Thursday, October 25, 2012

being qua being, or Aristotle, look out for that tree

If a blog is written on the internet, but nobody reads it, does it...oh who cares? Clearly nobody reads it; which makes it just like 99% of the other tripe out there.

Tuesday, October 16, 2012

Gone but not Forgotten

This latest bug comes to us from contributor Paris, out of Vaughan, Ontario.  Among other things, Vaughan is famous for being the twin city to Yangzhou, China, a cozy little city of 4.4 million.  Although not monozygotic, these sister cities have much in common.  Yangzhou's demographic is made up of approximately 4.999 million Chinese citizens; there is a Chinese family currently living in Vaughan.  Yangzhou is famous for its beautiful and intricate jade carvings; some of the kids in Vaughan are jaded.  The primary language in Yangzhou is Mandarin; there are two Mandarin Buffets in the greater Vaughan area.

However, all is not smiles and chuckles between these two sisters.    As with any siblings, there are petty jealousies, long-standing grudges and minor misunderstandings.  Indeed, one ongoing feud between the two revolves around the bug pictured below.  Commonly known as the Yang Van Zhoughan Fly, or more precisely by its scientific name, the "Officewindowcus Sitonicus" from the sub-family "Everywhereicus Foundicus", this rare bug was, until this recent discovery, thought to be completely extinct.

It was that status that caused the rift between the girls.  The fly had, until 1995, enjoyed a strong presence in the greater Vaughan area.  It was at that point that the umbilical cord connecting the two cities was first discovered.  Initially cause for much joy and the swift exchange of Canadian dollars for low labour cost products, it soon became clear to the citizens of Vaughan that although the cost of this relationship in hard currency was low, their was a much, much higher price to be paid.  It was only when the Yang Van Zhoughan Flies disappeared that they realized just what that price would be.  It seems the flies were transported via the umbilical cord to Yangzhou, where they were quickly eradicated by dragons.  The citizens of Vaughan, while enjoying their cheap electronics still harbour some anger towards the dragons of Yangzhou.

As can be seen in the photo, the clouds have parted and the great umbilical cord in the sky has opened up to allow this lone survivor to travel back to his homeland.  Although this guy probably won't last more than a day or so due to the absence of the disco and saccharin pop that sustained his ancestors through the 70s and 80s, his presence is encouraging.  The bigger concern is the possibility that the umbilical cord may continue to exhibit the current "reverse flow" which placed this bug back among the fine people of Vaughan.  Should this activity continue, Vaughan may soon exchange their lost bug for dragons.  For a city of 4.4 million like Yangzhou dragons are a nuisance; a few thousand missing people over the course of a week is a mere blip in Yangzhou.  The significantly smaller borough of Vaughan simply doesn't have the population to support dragons.  The dragons would devour the entire city within a few years.  And that would be bad - mostly because it would leave access to Wonderland questionable.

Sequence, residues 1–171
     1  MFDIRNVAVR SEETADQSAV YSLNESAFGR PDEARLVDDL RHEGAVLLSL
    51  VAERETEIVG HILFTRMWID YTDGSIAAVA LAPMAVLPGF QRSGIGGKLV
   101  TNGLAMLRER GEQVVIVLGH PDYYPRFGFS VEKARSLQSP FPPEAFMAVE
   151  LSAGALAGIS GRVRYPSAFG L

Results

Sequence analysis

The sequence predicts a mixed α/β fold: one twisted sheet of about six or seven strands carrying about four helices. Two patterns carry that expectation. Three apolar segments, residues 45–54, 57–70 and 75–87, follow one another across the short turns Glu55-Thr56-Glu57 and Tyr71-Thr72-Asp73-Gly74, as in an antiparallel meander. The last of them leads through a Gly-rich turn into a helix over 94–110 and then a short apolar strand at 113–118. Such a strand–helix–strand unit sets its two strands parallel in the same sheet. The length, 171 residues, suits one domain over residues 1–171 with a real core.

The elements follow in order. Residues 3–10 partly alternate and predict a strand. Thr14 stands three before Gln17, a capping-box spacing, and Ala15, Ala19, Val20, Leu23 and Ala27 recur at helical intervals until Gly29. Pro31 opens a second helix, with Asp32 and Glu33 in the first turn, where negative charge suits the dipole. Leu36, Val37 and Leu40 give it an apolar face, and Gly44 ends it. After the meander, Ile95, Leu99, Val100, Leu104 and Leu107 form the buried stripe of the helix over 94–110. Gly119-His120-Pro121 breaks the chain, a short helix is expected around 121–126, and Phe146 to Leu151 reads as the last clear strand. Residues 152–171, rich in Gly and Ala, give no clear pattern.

Here is a poem.

Seeing Meng Haoran off to Yangzhou from Yellow Crane Pavilion

At Yellow Crane Pavilion in the west
My old friend says farewell;
In the mist and flowers of spring
He goes down to Yangzhou;
Lonely sail, distant shadow,
Vanish in blue emptiness;
All I see is the great river
Flowing into the far horizon.
             - by Li Bai who lived in the 700s

Monday, October 15, 2012

What, Because my Name is Katy, I Must be a Girl?

The Texas Bush Katydid inspecting its undercarriage via the reflection in the tabletop glass, is a bold and brash member of the Orthoptera order.  Though not rare per se, what is rare is to catch one without its Stetson and boots on.  This one, having clearly just awoken, has no qualms about prancing about in the "suit it was born in".  The little fella is probably a bit confused.  As his normal diet is broad-leafed woody deciduous plants this wicker tabletop seems to have him perplexed.

Note too the long rear legs.  Although this is common among the grasshoppers, crickets and katydids, the Texas Bush Katydid has especially pronounced hind legs to aid in mounting.  Can you imagine a fat little cricket with his relatively short hind legs trying to get up in the saddle?  It's just plain ridiculous.